When Jack learns the identity of Tony’s mother he goes a little white. Could Tony be his son? Hmm, it seems possible. Although we have to wait until the next episode for the ultimate punchline – when Bill admits that he could be the father too! Jack and Bill squabbling for parental supremacy would have made a decent spin-off sitcom.

Whilst the scenes between Jack and Tony (the lad still coasting along in blissful ignorance) are entertaining enough, there’s even better to come. Kate turns up – with a face like thunder – seeking an audience with Jack. We haven’t had a good Kate/Jack face-off for a while and whilst this one isn’t an all-time classic there are still some fine moments (Jack’s delight at learning Kate may become a councillor, for example).

But most of the entertainment is saved for later, when a reluctant Jack is forced to meet with Hector Burrage (Michael Lees). Burrage was the recipient of the incriminating document apparently stolen from the Mermaid (which implicated Admiral Redfern and Kate). Jack – in splendid form – is able to laugh the whole thing off, thanks to a few dodgy memos of his own. Lovely stuff from Glyn Owen as always.

Vanessa offers Avril a cheque for £250,000 to cover the fraud perpetrated by her brother. I do like the way that Avril half-heartedly murmurs that she couldn’t possibly accept it – within seconds she’s grabbed it and passed it over to Gerald for safe keeping! That solves that problem you would think, but since Vanessa had to sell some of her Relton shares to raise the money it’s put the company in danger of a takeover bid from Charles. A touch convenient the way this happens (also, given Vanessa’s links to Relton I can’t believe she’d sell her shares so willingly).

Abby and Orrin are now in America. Not surprising that the series didn’t have the budget to make the trip over, so a little suspension of disbelief is required when we see both of them in a brief street scene. To be fair, the location does look a little like the US (the yellow cab helps as well). Abby’s still in her power-dressing mode and now seems to be the dominant partner – for the moment, Orrin is content to defer.

Once again, you have to question whether Abby’s actions are motivated purely by her desire to do the best for William or if it’s more to do with personal gain. Or even a little of both. And indeed, even if her actions are selflessly directed towards William’s future, how will this single-minded stand affect her personal relationships? Time will tell, but we’ve only got three episodes to find out. Although she’s only onscreen for a few minutes, Abby certainly makes an impression (and it’s a chilling one when she tells Orrin that Ken is now under her control).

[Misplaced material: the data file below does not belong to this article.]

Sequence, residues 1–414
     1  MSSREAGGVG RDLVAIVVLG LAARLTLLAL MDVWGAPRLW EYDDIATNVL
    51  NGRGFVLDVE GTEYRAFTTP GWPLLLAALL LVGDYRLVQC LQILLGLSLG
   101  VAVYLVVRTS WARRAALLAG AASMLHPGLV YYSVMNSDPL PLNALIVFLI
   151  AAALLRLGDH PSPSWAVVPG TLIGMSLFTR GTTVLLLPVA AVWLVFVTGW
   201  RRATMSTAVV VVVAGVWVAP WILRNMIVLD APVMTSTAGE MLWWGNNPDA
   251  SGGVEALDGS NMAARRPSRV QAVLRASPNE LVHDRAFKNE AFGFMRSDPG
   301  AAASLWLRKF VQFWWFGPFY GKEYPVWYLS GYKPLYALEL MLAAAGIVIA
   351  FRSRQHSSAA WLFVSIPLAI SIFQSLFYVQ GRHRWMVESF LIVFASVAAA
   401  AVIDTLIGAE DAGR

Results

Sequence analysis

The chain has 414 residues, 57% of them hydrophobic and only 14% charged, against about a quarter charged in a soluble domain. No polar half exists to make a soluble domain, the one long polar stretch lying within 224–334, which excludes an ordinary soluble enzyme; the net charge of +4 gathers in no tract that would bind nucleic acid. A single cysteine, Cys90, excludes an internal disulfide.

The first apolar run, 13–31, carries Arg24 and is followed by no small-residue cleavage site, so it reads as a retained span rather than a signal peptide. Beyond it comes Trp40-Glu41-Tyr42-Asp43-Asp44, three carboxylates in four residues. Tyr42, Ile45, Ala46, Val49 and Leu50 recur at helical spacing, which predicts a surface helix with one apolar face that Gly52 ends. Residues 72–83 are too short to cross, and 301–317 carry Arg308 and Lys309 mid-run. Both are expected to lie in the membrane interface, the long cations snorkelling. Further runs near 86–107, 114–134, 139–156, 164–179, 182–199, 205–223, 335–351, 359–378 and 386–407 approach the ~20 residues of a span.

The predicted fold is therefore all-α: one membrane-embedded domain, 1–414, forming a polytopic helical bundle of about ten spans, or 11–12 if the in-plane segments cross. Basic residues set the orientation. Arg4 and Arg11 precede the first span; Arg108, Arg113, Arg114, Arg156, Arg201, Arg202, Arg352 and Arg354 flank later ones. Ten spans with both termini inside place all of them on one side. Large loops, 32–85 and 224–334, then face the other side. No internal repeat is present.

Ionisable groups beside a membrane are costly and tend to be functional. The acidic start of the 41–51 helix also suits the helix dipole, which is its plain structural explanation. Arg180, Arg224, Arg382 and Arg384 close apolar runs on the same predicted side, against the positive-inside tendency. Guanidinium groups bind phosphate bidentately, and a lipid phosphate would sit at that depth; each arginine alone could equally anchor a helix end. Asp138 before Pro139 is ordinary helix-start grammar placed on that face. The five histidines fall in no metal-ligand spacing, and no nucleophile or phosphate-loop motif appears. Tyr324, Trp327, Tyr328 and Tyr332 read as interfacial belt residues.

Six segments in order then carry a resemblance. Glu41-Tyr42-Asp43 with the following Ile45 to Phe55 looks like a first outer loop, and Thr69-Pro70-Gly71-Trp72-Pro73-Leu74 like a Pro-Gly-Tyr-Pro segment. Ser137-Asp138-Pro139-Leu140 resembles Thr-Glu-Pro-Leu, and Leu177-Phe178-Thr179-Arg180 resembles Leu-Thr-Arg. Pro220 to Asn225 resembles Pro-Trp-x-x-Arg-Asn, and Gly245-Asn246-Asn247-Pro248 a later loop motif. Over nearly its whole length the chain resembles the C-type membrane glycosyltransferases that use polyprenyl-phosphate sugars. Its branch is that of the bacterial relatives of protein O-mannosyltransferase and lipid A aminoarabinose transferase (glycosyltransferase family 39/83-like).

Avril and Gerald and Charles and Laura are independently called to a meeting in Malta, where the future of the Poelma Corporation will be revealed. This has to be one of my favourite end-of-episode moments – as Ken strolls in to drop the bombshell that he’s now the chairman of Poelma! Not a twist I was expecting, but delicious nonetheless.

Howards’ Way – Series Six, Episode Nine

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There’s another example of “tell not show” at the beginning of today’s episode. Kate, indulging in a spot of pruning, sees two police officers approaching. The scene ends before we learn what they want and indeed we don’t hear a peep out of Kate for the next fifteen minutes – not until a horrified Jan answers the phone (although we’re not privy to the other side of the conversation).

A brief moment of tension is therefore created, but it’s instantly dissipated as the next scene shows Jan and Kate leaving the police station. A recent burglary at the Mermaid Yard has implicated Kate (connected to the documents she assembled last year when launching her abortive attempt to save the yard). It’s not really anything to worry about then – Kate isn’t set for a diet of bread and water – but you do feel that a little more could have been made out of this moment.

The burglary seems to be linked to the new chairman of the bank, Admiral Francis Redfern (Michael Denison), who – as we’ve previously seen – is an old friend of Kate’s (was the break-in an attempt to smear his name?). The urbane Francis (like so many before him) is forced to feel the rough end of Kate’s tongue for a few moments – although she’s mollified to learn that his position at the bank might mean a smoother ride for Jan in the future.

It’s highly characteristic that Kate automatically assumes they’ve now got a friend at court, although Francis is quick to point out that any support he can offer is dependent on Jan’s business proposals ….